48. Radio Bart

"Bart, I bet you think nothing's gonna top that cactus."

“Bart, I bet you think nothing’s going to top that cactus.”

  • First broadcast: Thursday 9 January 1992, Fox Television
  • First shown on UK terrestrial television: Saturday 18 January 1997, BBC1
  • Showrunners: Al Jean & Mike Reiss
  • First draft: Jon Vitti
  • Writing staff: Jay Kogen, Wallace Wolodarsky, George Meyer, Jon Vitti, John Swartzwelder, Jeff Martin, David Stern
  • Storyboard: Steven Dean Moore
  • Animation director: Carlos Baeza

Radio Bart was nominated for an Emmy but lost to a piece of claymation broadcast by CBS. It wouldn’t be the last time a superlative episode of The Simpsons was beaten by a self-evidently inferior offering from one of the mainstream networks. Acceptance by America’s broadcasting establishment was still several years away. Either that or the Emmy judges simply didn’t know what to make of a story that featured, among others, giant mechanical weasels, someone impersonating God, and the assassination of a squirrel that looked like Abraham Lincoln.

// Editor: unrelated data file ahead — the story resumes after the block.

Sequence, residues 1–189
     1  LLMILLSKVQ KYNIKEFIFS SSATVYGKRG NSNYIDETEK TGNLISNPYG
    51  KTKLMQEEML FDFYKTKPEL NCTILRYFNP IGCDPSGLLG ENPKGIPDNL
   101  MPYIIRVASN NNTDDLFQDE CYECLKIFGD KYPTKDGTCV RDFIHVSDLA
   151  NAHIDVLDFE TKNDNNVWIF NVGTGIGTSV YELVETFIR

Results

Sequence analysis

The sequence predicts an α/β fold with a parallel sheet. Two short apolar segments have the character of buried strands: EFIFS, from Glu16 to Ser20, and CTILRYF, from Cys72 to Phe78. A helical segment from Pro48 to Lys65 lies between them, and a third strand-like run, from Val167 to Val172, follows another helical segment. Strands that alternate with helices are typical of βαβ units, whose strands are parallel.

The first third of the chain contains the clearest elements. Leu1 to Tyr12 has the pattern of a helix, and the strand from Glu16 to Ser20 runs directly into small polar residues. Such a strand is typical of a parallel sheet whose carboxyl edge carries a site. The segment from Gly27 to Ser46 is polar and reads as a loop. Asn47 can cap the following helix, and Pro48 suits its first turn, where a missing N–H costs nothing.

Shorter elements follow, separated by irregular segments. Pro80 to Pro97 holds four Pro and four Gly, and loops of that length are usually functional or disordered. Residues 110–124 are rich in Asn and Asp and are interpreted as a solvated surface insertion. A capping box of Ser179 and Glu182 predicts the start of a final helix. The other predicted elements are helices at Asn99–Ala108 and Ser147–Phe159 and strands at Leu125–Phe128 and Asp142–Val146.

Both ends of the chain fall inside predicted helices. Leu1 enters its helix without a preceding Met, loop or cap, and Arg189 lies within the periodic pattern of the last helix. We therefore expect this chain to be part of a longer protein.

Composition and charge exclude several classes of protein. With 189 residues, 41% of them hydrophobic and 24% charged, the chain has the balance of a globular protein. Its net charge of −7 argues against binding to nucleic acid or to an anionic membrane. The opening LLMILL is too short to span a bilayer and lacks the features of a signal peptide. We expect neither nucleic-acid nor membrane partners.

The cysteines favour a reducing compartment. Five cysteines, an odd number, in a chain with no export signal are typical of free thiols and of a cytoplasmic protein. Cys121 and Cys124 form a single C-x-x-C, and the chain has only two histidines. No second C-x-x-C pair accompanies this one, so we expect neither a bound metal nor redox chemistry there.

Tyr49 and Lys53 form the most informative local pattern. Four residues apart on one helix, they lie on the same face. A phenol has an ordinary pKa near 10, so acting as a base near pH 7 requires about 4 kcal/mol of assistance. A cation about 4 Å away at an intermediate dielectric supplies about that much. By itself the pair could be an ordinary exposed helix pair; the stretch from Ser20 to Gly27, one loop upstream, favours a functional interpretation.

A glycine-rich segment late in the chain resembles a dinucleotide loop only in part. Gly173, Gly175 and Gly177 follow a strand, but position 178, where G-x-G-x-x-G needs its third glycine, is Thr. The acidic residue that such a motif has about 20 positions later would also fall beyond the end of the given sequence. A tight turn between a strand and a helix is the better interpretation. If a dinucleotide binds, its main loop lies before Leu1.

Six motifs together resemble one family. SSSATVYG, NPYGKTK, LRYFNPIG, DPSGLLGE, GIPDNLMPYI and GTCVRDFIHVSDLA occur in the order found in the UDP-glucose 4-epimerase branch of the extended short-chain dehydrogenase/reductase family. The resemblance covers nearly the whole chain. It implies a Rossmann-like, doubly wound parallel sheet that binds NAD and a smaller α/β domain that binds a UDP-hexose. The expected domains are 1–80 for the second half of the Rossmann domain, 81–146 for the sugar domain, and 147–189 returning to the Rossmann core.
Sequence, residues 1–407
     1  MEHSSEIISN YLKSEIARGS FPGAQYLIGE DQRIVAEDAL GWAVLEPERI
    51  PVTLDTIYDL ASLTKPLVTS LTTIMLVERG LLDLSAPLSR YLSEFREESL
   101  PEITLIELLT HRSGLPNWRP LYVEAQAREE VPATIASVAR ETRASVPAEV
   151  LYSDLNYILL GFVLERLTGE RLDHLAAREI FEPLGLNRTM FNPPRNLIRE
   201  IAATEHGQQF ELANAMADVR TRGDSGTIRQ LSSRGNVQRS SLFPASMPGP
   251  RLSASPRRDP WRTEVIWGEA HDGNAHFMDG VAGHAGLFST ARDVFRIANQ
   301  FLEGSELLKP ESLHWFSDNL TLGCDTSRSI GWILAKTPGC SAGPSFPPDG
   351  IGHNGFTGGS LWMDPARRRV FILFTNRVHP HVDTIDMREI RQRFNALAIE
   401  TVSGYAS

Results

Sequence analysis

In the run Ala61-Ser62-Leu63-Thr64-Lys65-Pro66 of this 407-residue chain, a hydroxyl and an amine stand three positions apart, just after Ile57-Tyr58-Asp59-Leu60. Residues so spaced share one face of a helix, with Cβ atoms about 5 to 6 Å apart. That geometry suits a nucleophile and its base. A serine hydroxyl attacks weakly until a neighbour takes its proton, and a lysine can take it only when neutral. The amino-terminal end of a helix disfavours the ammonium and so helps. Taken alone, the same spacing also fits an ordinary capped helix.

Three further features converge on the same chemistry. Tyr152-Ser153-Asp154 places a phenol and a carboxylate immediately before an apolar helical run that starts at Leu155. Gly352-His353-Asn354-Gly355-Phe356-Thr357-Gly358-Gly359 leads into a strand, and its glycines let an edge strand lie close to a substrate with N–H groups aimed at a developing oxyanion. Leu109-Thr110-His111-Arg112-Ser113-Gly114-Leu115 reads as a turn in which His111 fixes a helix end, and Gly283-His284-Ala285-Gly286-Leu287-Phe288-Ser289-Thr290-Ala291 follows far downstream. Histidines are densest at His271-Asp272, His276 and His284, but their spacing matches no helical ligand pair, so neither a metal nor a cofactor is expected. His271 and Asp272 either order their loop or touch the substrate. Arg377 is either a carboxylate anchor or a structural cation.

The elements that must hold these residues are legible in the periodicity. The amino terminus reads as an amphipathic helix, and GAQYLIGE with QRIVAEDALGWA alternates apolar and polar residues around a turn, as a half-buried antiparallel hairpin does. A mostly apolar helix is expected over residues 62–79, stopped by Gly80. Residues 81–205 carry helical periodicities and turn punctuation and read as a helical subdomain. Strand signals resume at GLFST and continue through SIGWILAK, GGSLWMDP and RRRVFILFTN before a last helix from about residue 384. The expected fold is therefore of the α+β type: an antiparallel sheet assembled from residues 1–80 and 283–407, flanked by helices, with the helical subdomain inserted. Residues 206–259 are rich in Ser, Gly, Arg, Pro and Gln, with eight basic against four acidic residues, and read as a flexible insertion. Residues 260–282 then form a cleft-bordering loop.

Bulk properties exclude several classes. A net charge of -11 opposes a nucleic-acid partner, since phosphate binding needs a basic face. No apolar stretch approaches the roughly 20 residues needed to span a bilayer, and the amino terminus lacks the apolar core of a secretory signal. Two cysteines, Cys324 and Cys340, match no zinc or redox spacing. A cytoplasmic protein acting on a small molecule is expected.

In keeping with the season’s trend for stacking tasty plots one atop the other like some vertiginous knickerbocker glory, this episode gives you Bart’s 10th birthday, an entire town falling for a prank, a marauding mob, incompetent authorities, crackpots and conspiracies, media hype, fickle public opinion, and nobody but nobody learning a single thing from all that ensues. It hangs together because it moves so fast, leaving you hardly any time to stop and wonder how everything fits together or to look for the joins. Only afterwards do you realise the main reason Bart was given a label-maker as a birthday present was so he could subsequently attach a PROPERTY OF BART label to the radio which then gets stuck down the well and which would therefore identify Bart as the mastermind of the prank for which the entire town has fallen… and so on. Just sublime. 10